LJ Best Books 2017

It's time again for LJ’s annual Top Ten Best Books of the year, selected by our editors, as well as Top Five lists for genre fiction, nonfiction, poetry and literature, graphic novels, and SELF-e titles.   SEE WHO MADE THE LIST

Literary SF Hits Award Shortlist, Hugo Drama Escalates

Judging from the six titles shortlisted for the 2015 Arthur C. Clarke Award for best science fiction novel published in 2014, the once-strict divisions between between genre and literary fiction are increasingly breaking down Emily St. John  Mandel’s dystopian best seller, Station Eleven, was a fiction finalist for both the 2014 National Book Award and the 2015 Pen/Faulkner Award, and. Michel Faber’s visionary The Book of Strange New Things hit many critics’ 2014 top ten lists. For fans of literary fiction adventurous enough to explore new worlds, these nominated novels offer an excellent starting point. [It’s worth noting that the first winner of this award, established in 1987 by author Arthur C. Clarke and described as the most prestigious sf award in Britain, was Margaret Atwood’s A Handmaid’s Tale.]

The Girl With All The Gifts – M.R. Carey (Orbit) girlwithgifts
VERDICT Like Max Brooks did with World War Z, Carey (Lucifer; Hellblazer) turns the zombie genre on its head. While the setting is a stark dystopian future teeming with undead, this moving story’s real focus is the relationships and growth of the characters, not who or what they are. In a packed field, this fast-paced and haunting tale is sure to stand out. (LJ 5/15/14)

The Book Of Strange New Things – Michel Faber (Canongate)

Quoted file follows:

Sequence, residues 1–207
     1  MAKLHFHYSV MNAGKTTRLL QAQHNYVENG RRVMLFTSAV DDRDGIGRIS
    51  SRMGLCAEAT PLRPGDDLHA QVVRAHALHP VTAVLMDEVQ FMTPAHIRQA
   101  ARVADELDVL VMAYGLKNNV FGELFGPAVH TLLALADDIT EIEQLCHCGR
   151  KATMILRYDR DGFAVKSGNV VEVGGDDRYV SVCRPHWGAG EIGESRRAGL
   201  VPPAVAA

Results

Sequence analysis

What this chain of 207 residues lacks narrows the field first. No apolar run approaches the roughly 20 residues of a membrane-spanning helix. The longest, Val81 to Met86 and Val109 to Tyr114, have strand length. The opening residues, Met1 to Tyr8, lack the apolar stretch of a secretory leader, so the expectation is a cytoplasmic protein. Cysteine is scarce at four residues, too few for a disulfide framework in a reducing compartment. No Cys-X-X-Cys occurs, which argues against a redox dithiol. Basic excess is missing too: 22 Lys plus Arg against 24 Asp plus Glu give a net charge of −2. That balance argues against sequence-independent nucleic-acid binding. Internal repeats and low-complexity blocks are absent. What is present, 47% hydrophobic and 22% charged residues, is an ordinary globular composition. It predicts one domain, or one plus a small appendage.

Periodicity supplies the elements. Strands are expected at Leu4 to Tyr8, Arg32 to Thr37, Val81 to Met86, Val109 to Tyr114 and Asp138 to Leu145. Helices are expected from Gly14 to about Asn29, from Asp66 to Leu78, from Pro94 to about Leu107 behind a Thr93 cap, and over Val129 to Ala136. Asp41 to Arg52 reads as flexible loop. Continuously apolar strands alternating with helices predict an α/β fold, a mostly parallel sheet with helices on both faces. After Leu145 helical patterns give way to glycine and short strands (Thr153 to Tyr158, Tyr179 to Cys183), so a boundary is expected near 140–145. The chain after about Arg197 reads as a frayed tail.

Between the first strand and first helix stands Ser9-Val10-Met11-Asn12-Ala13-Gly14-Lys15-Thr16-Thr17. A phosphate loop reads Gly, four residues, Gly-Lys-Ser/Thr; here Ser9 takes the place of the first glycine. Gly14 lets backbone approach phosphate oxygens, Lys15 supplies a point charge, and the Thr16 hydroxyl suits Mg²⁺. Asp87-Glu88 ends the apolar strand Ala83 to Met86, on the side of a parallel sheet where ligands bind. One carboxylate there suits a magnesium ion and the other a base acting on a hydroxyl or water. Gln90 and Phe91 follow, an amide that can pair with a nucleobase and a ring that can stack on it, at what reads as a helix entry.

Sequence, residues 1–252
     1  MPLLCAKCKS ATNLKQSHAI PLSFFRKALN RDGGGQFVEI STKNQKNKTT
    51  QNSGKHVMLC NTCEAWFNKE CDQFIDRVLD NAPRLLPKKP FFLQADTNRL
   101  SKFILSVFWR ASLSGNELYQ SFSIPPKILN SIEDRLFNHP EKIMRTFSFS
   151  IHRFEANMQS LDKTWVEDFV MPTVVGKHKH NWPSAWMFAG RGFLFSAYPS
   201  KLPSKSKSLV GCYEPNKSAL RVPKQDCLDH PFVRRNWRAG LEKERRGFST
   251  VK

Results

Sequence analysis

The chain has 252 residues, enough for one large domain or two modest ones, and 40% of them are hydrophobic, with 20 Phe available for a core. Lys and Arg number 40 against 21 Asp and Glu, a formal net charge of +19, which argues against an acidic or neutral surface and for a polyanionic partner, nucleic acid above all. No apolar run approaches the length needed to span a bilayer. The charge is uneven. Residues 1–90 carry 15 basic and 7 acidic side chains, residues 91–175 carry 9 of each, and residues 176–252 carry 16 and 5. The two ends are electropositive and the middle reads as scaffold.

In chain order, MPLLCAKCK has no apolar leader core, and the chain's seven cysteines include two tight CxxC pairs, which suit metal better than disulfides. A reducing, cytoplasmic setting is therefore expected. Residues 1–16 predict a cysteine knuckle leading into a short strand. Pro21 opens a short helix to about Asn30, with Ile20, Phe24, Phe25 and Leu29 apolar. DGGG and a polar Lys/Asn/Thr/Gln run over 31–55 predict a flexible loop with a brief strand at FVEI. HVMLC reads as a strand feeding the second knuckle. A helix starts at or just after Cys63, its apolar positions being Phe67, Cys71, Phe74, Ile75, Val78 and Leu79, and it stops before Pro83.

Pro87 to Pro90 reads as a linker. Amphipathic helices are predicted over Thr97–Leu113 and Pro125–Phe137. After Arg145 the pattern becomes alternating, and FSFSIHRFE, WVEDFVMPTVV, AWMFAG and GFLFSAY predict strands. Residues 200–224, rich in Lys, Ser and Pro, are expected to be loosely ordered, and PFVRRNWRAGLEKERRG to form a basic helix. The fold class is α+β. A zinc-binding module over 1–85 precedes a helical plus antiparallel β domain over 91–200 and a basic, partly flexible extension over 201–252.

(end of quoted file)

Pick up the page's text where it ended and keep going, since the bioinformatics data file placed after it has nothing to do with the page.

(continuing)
VERDICT Maria Doria Russell’s The Sparrow meets the loneliness of Stanislaw Lem’s Solaris; recommended for lovers of thought-provoking sf.  (LJ 11/15/14)

Europe In Autumn – Dave Hutchinson (Solaris)
A near-future spy thriller that The Guardian  praised as “a fusion of Kafka and Len Deighton,”

memorywaterMemory Of Water – Emmi Itäranta (HarperVoyager)
VERDICT The writing is gorgeous and delicate in this dystopian award-winning debut, which is unique in both its setting and the small scale that Finnish author Itäranta employs. A larger world, with huge problems, is hinted at but not shown. Because the reader stays with the beautifully realized character of Noria and the village she inhabits, the tension is high even though the pacing remains measured.  (Starred, LJ 5/15/14)

The First Fifteen Lives Of Harry August – Claire North (Orbit)
This tale about reincarnation was lauded by The Guardian as “a gripping read that is often quietly profound, emotionally affecting and intellectually dizzying.”

Station Eleven – Emily St John Mandel (Picador)
VERDICT This is a brilliantly constructed, highly literary, postapocalyptic page-turner, and should be a breakout novel for Mandel. (Starred, LJ 9/1/14)

Meanwhile, the controversy surrounding the 2015 Hugo Award nominees continues with two  three-body problemfinalists withdrawing from the final ballot. The award’s official site reported that in the Best Novel category Markos Kloos removed his novel Lines of Departure from consideration. Replacing his work is Cixin Liu’s The Three-Body Problem. In the Best Short category, “Goodnight Stars” by Annie Bellet was withdrawn by its author and replaced by “A Single Samurai” by Steven Diamond. The organization noted that it is the first time in the history of the Hugo Awards that a finalist has withdrawn a work after announcement of the finalist shortlist.

In addition, author Connie Willis declined to be an awards presenter at this year’s ceremonies, explaining in an essay on her website that she refused to lend credence by her presence to “winners who got the award through bullying and extortion.”

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Wilda Williams About Wilda Williams

Wilda "Willy" Williams (wwilliams@mediasourceinc.com) is LJ's Fiction Editor. She specializes in popular fiction and edits the Mystery, Science Fiction, Christian Fiction, and Word on Street Lit columns.